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$30 off your $150 order*. Use code THIRTY

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*New customers only. One-time use per customer. Order must be placed by 8/24/2019. The $30 discount is given for a single order with a minimum of $150 excluding shipping and tax. Items with pricing ending in .97 are excluded and will not count toward the minimum required. Discount does not apply to corporate orders, gift certificates, StewardShip membership fees, select Champagne brands, Riedel glassware, fine and rare wine, 187ML splits, and all bottles 3.0 liters or larger. No other promotion codes, coupon codes or corporate discounts may be applied to order.

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Flat front label of wine
Flat front label of wine

Peter Michael Cuvee Indigene Chardonnay 1999

  • WE92
  • WS92
750ML / 14% ABV
Other Vintages
  • RP100
  • JD99
  • JD99
  • RP98
  • RP99
  • RP100
  • WS93
  • RP93
  • RP98
  • RP93
  • WS91
  • RP96
  • RP97
  • RP95
  • WS90
  • RP95
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750ML / 14% ABV

Winemaker Notes

Aromas of candied orange, lemon drop, dry apricot, dry fig and Mirabelle plum interact with touches of vanilla, mango, coconut and pineapple to form a multi-layered and intense bouquet. Great viscosity, richness and concentration chatacterize the palate. This Cuvee Indigene promises to age gracefully for at least a decade.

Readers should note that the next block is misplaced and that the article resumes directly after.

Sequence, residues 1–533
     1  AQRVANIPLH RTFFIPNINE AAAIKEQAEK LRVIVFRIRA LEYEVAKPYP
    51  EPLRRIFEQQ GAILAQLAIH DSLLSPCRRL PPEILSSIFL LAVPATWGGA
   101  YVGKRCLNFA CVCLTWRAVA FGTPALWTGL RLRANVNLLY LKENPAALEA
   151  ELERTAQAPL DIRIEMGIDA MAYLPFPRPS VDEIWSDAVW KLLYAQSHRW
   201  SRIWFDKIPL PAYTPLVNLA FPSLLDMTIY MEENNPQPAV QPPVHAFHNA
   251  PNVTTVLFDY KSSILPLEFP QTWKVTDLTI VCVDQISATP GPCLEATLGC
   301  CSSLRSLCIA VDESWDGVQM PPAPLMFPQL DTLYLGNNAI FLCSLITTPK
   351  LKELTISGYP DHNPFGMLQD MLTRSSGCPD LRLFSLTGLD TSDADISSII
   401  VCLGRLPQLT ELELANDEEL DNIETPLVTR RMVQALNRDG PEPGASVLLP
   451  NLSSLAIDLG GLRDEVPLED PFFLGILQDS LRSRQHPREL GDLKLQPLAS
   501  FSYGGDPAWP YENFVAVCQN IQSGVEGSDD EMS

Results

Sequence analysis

Critical Acclaim

All Vintages
WE 92
Wine Enthusiast
The flagship of the Peter Michael Chardonnays is a stylish, sexy wine. Opens with a wonderful nose of peach, tropical fruit, nuts and orange tea; it shows great poise and a classic sense of proportion from bouquet to finish. The wine unfolds and expands in the glass, offering lovely orange, mineral and tarragon flavors. The engaging finish has great length and subtle aromas and flavors. Impressive for its restraint and attention to detail, this is delicious now but will also reward keeping.Cellar Selection
WS 92
Wine Spectator
Gains complexity and nuance with every sip, revealing layers of fig, apricot, honeysuckle, melon and anise, and finishing with a long, persistent aftertaste.
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Peter Michael

Peter Michael

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Peter Michael, California
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In 1982 Sir Peter and Lady Margaret Michael built the Peter Michael Winery on a square mile of rocky volcanic ridges that form the western face of Mount St. Helena in Knights Valley, Sonoma County, California. The estate vineyards rest on steep hillsides ranging in elevation from 1100 to nearly 2000 feet. Of the nearly 600 estate acres, only about 20% are planted to grapes. Peter Michael Winery is best known for single-vineyard and estate grown Sauvignon Blanc, Chardonnay, Pinot Noir and a Cabernet Sauvignon cuvee of Cabernet Sauvignon, Merlot and Cabernet Franc. The Peter Michael Winery remains true to its commitment to growing classic grape varieties in small mountain vineyards in order to produce great wines using classical winemaking techniques. Given this covenant to the product, only a limited quantity will ever be available.
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Napa Valley